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Updated October 16, 2012

I started this research of my family history in February 1990, after the death of an older brother, Joe Henry Jackson, Jr., who passed away three months after his 51st birthday. His death was a sobering moment for me. It reminded me how final death is and how fragile life can be; that tomorrow is promised to no one, so, I decided to do somehting that would last throughout the ages for me and my family: I began to research my family history using the U.S. Census data available to me on the Internet and at the local library.

Today, Wednesday, November 5, 2008, is my brother Joe's birthday. He would have been 70-years-old, had he lived and another sobering moment has occured that causes me to reflect on my ancestors and my life; and, the struggles we encountered as African-Americans living in the segregrated South of the United States of America during the days when Jim Crow was the rule of law. Today, Wednesday, November 5, 2008, 70 years afer the birth of my brother Joe (18 years after his death), a Black Man, Senator Barack Obama (D-IL), the junior senator from the state of Illinois, was elected President of the United States of America by a majority vote of 52 per centile. More than 52 million Americans cast their ballot for this Black man who will to become the 44th President of the United States of America, January 20, 2009. He (unlike me) is not the desendent of slaves. His father Barack Obama, Sr., was a foreign exchange student from Kenya, Africa, who studied in Hawaii, met a white woman from Kansas, married her and had a son they named Barack Obama, Jr. Barack's father left the family when Barack was two years old, returned to Africa (where he had another wife and children); so, Barack was raised in Hawaii by his white mother and his white grandparents from kansas. Barack finished his undergrad studies in California, worked as a community organizer on the Southside of Chicago, went to Harvary Law School, was president of the renouned Harvard Law Review, and upon graduating from Harvard Law School went back to the Southside of Chicago to once again work as a community organizer. He married his mentor, (a Black woman) Michelle Robinson from Chicago, IL, and has two children, Sasha and Miliah. The family will move into the White House in Washington, D.C., January 20, 2009, and the girls will get a new puppy as promised by their dad. I wish my ancestors were here to witness this day. My father, Joe Henry Jackson, Sr. (b. Mar 1894, LA), would probably say, "That boy sure is smart!", when talking about Barack; my brother Joe, Jr., would say, "Of course!"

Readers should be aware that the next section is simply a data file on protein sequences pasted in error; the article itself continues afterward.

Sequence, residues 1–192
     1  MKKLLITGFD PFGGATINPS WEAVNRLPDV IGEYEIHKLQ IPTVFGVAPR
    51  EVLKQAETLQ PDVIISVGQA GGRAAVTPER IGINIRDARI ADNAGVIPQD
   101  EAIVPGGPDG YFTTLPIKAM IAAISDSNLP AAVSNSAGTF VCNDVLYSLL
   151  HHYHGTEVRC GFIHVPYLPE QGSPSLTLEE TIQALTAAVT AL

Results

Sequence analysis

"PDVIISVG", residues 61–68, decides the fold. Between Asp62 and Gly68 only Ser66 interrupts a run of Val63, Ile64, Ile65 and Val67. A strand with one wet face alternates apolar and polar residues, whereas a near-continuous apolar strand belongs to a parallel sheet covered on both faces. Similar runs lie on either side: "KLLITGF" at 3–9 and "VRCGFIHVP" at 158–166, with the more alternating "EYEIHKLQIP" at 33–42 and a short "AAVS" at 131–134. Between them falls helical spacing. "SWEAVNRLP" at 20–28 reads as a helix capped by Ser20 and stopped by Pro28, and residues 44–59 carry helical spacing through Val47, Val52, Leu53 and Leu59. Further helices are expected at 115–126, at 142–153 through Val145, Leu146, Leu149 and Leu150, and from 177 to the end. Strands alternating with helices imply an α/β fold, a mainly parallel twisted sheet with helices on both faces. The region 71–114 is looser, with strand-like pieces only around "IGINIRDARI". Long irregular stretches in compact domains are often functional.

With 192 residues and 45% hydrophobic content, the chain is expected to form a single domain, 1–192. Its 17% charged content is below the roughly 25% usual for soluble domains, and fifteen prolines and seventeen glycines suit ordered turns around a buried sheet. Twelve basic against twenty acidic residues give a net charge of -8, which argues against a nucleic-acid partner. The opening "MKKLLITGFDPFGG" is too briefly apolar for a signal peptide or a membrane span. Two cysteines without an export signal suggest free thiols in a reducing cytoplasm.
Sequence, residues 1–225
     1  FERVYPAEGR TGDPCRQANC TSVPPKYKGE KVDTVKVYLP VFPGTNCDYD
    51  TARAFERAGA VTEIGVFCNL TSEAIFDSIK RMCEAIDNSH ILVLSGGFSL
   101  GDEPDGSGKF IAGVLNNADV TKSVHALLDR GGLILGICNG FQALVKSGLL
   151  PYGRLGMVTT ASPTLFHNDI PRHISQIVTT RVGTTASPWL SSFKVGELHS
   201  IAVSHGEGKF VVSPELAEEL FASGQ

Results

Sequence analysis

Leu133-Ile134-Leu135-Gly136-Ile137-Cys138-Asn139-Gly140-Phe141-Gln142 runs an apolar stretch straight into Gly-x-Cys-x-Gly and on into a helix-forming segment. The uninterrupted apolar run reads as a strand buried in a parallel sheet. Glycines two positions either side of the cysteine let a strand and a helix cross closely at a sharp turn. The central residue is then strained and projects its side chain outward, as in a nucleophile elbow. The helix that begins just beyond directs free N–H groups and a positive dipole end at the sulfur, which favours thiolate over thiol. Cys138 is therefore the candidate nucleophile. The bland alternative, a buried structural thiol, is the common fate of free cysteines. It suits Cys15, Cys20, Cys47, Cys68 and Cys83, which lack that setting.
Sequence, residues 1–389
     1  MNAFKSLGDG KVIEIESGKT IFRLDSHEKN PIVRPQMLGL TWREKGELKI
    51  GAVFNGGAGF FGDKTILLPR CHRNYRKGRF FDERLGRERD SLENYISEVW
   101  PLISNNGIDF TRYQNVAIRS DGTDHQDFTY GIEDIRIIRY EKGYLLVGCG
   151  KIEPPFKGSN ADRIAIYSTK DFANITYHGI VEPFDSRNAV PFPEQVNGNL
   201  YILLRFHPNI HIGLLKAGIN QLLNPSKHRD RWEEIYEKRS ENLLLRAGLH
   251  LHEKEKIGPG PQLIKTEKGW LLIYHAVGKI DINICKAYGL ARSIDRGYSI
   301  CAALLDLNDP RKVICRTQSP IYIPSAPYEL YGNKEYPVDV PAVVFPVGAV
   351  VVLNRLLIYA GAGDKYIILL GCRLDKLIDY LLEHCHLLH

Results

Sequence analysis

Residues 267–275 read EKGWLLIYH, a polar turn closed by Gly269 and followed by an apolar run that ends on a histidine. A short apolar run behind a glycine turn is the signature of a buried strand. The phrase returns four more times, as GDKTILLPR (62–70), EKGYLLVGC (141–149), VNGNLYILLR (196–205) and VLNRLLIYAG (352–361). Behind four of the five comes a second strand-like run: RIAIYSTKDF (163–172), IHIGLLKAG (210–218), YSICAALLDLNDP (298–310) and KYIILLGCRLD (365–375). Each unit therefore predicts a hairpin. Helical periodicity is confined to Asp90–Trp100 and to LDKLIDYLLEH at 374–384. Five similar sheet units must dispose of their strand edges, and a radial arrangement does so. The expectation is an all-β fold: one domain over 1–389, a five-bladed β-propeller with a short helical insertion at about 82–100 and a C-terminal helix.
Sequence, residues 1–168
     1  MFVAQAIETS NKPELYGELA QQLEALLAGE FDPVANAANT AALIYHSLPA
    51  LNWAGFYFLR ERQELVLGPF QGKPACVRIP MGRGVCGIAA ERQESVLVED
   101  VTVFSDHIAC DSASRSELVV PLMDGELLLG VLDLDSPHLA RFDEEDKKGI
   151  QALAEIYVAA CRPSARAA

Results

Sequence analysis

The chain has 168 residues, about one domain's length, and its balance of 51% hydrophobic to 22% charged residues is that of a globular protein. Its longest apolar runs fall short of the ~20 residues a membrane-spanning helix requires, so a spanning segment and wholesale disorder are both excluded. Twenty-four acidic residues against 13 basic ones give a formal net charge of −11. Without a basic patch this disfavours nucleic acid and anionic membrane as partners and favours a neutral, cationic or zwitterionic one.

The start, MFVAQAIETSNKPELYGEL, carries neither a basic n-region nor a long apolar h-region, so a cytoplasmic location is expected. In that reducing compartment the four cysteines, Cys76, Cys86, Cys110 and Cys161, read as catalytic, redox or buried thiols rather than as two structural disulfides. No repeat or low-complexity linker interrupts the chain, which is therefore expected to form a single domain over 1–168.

Today, Wednesday, November 5, 2008, the 70th birthday of an older brother Joe Henry Jackson, Jr, the second son of Joe Henry Jackson, Sr., and Edna Denham, I say: "Yes, we can!"

Having said that, I am researching my grandfathers, Henry Jackson (b. Oct 1868) Catahoula Parish, Louisiana; and, Lorenzo Denham (b. Jun 1873), Chunchula (Mobile County), Alabama.

My paternal great-grandfather, Henry Jackson, first appears on the U.S. Census in 1870 as a mulatto, male (b. Kentucky, 1835). He married Hannah Watson, a Black woman (b. before 1853, Mississippi) May 1872, and had five children with her. Each is listed on the census index as farm laborers. In 1870, Henry Jackson owned no real property; nonetheless, his personal property was valued at $250 and by 1880 he owned a boarding house with family members and boarders living under his roof.

My maternal grandfather, Lorenzo Denham (b. 1873, Alabama), first appears on the U.S. Census in 1880, the second child (first son) of Sarah and Lorenzo Denham, Sr. (b. 1846, Mississippi). The 1880 U.S. census list Lorenzo as a widower and a Teamster who owned his home in Mobile County, AL. To this day, that property is still in the hand of the Denham family in Mobile County, AL.

Help me on this research if you can!



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